The controversial port project would have been the largest foreign direct investment Sri Lanka has received. China's Ministry of Foreign Affairs said on March 6 in a routine press conference that it was paying close attention to the matter. Sri Lanka's government told Beijing that it decided to halt the project but not to terminate or cancel it, Hua Chunying, the ministry's spokesperson, said.

China Harbor Engineering Co. Ltd., a wholly owned subsidiary of state-owned China Communications Construction Co., was to invest US$ 1.5 billion to build Colombo Port City, as the project is known. It would build berths for vessels at the nearby port, hotels, shopping centers, office buildings and residential complexes, covering a total area of more than 5.3 million square meters.

The deal was to give the Chinese investors 1.08 million square meters of land in the area, some of it outright and the rest on a 99-year lease.

President Xi Jinping took part in the port's groundbreaking ceremony during a visit in September, a move that underscored the value China's government attached to the project. It was the first time a Chinese president had visited the country since 1986.

Sri Lanka was an important stop along the ancient maritime Silk Road, a collection of trade routes for ships that carried silk and ceramics from China to regions as far as eastern Africa and the Red Sea.

In late 2013, China's government said it wanted to expand its influence among countries along the maritime trade routes and beyond. The strategy, which Beijing calls the 21st Century Maritime Silk Road, involves investments aimed mostly at infrastructure development. It also has a twin, the New Silk Road Economic Belt, which is to link the country's west with Central Asia and eventually Europe.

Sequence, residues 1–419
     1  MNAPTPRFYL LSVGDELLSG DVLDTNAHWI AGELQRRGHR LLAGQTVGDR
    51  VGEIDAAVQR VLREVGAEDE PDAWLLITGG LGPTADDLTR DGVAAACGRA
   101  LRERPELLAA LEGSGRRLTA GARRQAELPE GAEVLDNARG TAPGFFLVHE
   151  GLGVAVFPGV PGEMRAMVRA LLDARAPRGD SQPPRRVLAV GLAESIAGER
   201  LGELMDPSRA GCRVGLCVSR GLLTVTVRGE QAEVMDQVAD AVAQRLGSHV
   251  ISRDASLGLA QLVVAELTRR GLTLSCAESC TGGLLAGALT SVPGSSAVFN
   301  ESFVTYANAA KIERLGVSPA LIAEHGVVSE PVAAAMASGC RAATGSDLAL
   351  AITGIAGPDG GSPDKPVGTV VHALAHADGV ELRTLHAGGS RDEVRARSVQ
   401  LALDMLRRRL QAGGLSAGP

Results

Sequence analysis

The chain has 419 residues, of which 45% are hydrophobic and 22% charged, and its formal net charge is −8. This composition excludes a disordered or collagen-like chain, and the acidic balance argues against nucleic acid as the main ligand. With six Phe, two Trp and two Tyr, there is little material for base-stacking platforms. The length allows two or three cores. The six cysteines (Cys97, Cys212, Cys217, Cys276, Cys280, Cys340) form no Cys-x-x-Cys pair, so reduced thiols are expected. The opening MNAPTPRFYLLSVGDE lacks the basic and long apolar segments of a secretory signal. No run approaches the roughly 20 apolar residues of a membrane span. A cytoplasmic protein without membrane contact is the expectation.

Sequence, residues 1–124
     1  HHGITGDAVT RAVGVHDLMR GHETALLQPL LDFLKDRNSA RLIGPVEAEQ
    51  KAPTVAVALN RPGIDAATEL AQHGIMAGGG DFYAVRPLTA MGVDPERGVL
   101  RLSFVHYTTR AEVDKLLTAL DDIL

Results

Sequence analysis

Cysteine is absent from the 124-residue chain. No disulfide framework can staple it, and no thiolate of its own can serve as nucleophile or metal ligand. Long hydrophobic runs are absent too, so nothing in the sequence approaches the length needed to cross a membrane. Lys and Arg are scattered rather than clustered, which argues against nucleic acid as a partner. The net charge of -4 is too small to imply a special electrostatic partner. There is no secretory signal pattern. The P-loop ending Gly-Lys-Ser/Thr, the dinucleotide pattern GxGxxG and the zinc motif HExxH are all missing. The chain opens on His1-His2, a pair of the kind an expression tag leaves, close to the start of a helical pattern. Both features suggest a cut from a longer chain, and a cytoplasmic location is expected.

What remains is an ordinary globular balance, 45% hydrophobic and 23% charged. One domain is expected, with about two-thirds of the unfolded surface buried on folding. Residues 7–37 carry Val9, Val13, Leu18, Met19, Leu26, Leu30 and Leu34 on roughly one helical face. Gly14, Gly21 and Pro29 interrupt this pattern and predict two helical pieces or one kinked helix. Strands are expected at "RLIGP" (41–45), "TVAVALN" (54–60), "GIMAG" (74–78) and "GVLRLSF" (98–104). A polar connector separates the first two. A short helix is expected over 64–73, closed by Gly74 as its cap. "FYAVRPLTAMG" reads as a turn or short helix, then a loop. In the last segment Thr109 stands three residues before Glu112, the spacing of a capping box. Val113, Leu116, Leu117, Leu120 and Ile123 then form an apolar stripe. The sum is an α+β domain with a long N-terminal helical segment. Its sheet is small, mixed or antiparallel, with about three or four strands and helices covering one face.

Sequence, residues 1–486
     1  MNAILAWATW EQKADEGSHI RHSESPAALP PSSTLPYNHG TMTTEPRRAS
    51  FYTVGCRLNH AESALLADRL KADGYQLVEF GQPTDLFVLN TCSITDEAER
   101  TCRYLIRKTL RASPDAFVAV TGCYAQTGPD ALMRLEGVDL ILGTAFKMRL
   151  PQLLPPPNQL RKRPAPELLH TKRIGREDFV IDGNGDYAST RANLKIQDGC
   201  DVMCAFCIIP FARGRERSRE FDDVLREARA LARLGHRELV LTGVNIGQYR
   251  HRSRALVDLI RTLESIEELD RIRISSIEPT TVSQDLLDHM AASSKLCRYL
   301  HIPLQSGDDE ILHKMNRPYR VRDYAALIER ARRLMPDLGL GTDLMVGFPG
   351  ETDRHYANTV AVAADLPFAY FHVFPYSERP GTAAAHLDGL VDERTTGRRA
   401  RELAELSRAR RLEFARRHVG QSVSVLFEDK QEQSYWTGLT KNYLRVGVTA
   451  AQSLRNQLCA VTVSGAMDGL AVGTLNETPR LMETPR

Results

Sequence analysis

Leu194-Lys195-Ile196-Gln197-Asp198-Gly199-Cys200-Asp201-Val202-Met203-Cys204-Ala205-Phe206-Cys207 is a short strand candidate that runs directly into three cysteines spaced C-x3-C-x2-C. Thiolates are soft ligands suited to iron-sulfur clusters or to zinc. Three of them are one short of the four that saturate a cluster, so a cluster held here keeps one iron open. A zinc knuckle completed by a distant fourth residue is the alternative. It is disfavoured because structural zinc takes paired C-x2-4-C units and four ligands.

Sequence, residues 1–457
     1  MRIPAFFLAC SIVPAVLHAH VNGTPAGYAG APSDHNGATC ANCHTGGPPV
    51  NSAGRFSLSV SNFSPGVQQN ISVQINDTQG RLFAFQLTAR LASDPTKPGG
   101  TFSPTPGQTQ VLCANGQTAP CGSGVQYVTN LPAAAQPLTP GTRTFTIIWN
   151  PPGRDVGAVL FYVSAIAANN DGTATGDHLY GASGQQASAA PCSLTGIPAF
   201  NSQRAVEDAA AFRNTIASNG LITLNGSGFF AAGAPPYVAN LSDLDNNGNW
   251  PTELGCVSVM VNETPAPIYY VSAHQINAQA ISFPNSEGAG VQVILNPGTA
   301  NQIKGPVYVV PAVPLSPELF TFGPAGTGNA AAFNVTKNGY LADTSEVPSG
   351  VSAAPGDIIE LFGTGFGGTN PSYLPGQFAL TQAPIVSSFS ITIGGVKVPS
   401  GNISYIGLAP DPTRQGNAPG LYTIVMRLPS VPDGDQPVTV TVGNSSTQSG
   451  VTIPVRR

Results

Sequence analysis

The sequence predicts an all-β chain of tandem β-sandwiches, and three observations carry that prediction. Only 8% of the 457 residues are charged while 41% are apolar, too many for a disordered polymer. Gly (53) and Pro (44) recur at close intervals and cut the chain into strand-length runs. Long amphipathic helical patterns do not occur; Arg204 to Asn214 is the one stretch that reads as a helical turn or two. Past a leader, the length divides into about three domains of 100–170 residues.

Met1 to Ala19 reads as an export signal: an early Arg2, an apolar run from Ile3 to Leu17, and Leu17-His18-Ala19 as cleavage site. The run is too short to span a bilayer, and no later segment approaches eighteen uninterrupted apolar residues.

Kabir Hashim, Sri Lanka's investment regulator, said he is worried about China's growing influence in the region. He has expressed concern that the port project would allow a Chinese state-owned enterprise to hold land in a strategically important area. Under Sri Lankan law, foreign companies are banned from owning real estate.

Sirisena, the new president, campaigned on a pledge to halt the project and better scrutinize foreign investments. Soon after taking office, he started reviewing a series of foreign investment deals signed during the tenure of his predecessor on the grounds they may have involved corruption or did not follow rules.

Many analysts viewed this as a move to curb investments from China, which is Sri Lanka's biggest foreign investor.